Amid growing anticipation of an industry-wide strike by the International Alliance of Theatrical Stage Employees (IATSE), the tenured professors of the Media Arts & Culture (MAC) department sent an email to the college community voicing its support for the union Oct. 16. Since the MAC department sent their email, IATSE has reached a tentative agreement with Hollywood’s major studios, effectively calling off the strike.
“The [MAC] Department at Occidental College stands in solidarity with IATSE and film/TV/media workers everywhere who are fighting for safe working conditions and a fair contract,” the MAC department said in their email. “Should IATSE choose to strike, we unequivocally voice our support and urge everyone to honor the picket lines.”
IATSE is a national union of over 150,000 members composed of film industry operators, specialists, builders, coordinators, editors and more. According to Variety, a strike by IATSE members could result in a nationwide shutdown of TV and film production, forcing major studios to reevaluate the terms of IATSE’s demands.
According to the L.A. Times, a number of IATSE members are unhappy with the scope of the tentative agreement’s outcomes. If the majority of union members vote to reject the deal, a strike may still actualize.
The possibility of a strike is the result of a scheduled contract negotiation that occurs every three years, and IATSE negotiators advocating for rest on weekends, pay increases, federal holiday time off and more.
According to MAC professor Aleem Hossain, the faculty of MAC strongly believe in the demands that the IATSE is asking for.
“We want to imagine what the industry could be,” Hossain said. “We had this moment where we agreed that we all personally support [the IATSE demands] and we should make that public, especially as we’re heading into this sort of critical moment.”
Beyond that, Hossain said the email was also educational for students, faculty and staff who have not had exposure to the issue.
Sarah Cook (sophomore) who is considering a career in the film industry, said she was grateful that the MAC department both shared the information and took a stance in support of entertainment workers.
“It’s important that we address these kinds of issues because a lot of students are coming into the [media] workforce very idealistically,” Cook said. “We have a lot of ideas about how we don’t care how much we’re exploited because we just want to get into the industry.”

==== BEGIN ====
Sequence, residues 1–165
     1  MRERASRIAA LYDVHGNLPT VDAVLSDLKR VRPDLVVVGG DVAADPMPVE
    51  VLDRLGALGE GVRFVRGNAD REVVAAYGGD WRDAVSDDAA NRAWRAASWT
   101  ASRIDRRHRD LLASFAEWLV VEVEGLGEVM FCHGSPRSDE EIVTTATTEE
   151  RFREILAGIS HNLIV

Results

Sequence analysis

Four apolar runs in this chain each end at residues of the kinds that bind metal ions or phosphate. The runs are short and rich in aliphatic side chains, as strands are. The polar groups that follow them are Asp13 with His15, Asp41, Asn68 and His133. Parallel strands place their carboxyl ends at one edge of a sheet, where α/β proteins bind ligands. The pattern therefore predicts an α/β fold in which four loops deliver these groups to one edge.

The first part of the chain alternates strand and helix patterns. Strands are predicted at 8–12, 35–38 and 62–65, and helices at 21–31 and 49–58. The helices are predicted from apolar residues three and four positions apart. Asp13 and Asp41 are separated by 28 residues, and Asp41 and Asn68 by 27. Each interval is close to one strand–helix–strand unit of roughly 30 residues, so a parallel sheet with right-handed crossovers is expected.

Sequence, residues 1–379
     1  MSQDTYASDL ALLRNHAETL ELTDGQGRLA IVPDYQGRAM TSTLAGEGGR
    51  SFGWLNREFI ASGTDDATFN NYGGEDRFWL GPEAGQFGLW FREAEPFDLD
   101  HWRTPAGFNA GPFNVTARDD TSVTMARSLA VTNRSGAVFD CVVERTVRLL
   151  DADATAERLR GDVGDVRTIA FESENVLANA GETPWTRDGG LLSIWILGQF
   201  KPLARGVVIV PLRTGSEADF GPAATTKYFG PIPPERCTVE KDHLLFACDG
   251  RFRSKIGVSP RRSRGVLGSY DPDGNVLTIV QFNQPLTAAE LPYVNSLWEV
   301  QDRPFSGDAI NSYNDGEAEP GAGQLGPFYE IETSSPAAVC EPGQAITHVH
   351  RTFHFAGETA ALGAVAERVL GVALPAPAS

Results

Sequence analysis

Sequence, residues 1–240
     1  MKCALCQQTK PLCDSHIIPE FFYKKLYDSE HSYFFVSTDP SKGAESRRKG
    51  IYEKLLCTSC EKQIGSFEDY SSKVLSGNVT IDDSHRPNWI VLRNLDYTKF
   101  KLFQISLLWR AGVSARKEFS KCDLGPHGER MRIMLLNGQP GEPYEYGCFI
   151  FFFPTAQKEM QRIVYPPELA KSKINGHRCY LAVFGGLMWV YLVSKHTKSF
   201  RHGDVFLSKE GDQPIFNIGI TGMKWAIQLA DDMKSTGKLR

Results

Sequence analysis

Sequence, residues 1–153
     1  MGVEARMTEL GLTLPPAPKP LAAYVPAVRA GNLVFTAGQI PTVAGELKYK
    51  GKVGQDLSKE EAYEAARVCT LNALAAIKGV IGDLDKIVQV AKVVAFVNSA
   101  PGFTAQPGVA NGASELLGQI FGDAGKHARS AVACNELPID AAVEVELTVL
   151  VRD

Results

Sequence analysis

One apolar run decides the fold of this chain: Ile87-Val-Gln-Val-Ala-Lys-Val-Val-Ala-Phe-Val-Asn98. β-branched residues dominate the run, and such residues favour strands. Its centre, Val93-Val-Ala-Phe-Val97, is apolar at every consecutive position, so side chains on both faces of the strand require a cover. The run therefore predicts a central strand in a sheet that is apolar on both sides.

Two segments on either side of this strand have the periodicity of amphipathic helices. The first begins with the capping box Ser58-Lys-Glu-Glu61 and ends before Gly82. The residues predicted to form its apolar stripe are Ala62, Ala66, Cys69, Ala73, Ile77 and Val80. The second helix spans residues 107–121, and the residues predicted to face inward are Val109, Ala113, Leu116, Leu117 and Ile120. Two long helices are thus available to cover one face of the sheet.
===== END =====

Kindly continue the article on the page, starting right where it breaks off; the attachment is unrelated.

Peter Dreier, professor in both the politics and Urban & Environmental Policy (UEP) departments at Occidental and board member of the Los Angeles Alliance for a New Economy (LAANE), a coalition of unions, environmental, community and faith groups, said that its good for students to see the other side of the entertainment industry.
“It’s great for Oxy faculty and students to have their consciousness and awareness raised about what’s happening outside the Oxy bubble,” Dreier said.
According to Dreier, since the beginning of the pandemic there has been a rise in worker labor reevaluation. This is exemplified by a phenomenon called “Striketober,” a colloquial term to describe the wave of strikes that have gained traction this October, including strikes by employees at Kellogg’s, Nabisco, John Deere and more.
According to the email from MAC faculty, the prevalence of harsh working conditions in the film industry are considered an “open secret.” According to Drier, the IATSE strike draws attention to a pattern of labor exploitation in the film industry including gender pay inequity, insufficient wages and physical abuse.
Hossain said that the long work hours in film and TV industries are inaccessible, exclusionary and favor young white men, who are less likely to have responsibilities such as taking care of children or elderly relatives. Hossain said improving work conditions will help improve diversity on film sets.
According to Cook, the realities of working conditions in the film industry have not been explicitly addressed in the classes she has taken so far in the MAC department, and there has not been room for such discussions in her current class curriculum.
While there is no labor studies department at Occidental, certain classes touch on elements of the labor movement, according to Dreier.
“I feel committed to addressing [the reality of working conditions] more explicitly in the classroom,” Hossain said. “I’ve been teaching the safe practices and why I think they’re good, but I have not really dug into how they are part of a broader labor struggle, and I now feel inspired to speak more about that.”
According to Dreier, the process of approving IATSE labor contracts is very democratic. The union leaders and their staff who negotiate the deal were elected by the union members, and ultimately the members have to approve it, Dreier said.
Cook said the tentative agreement between IATSE and Hollywood’s major studios is proof of the power of labor organizing.
Dreier said students who wish to support IATSE and other unions can show up to picket lines and rallies, stay informed and organize teach-ins, engage in internships with unions and support union groups on social media.
“When you’re in a hierarchy and you’re at the bottom, that doesn’t mean that you have somehow surrendered your basic human rights,” Hossain said. “You can feel entitled to assert those rights. There is fear that doing so will ruin your whole career in Hollywood. The more people [assert those rights], the less that can be true. And quite frankly, if that were true, then we just wouldn’t want to work at all.”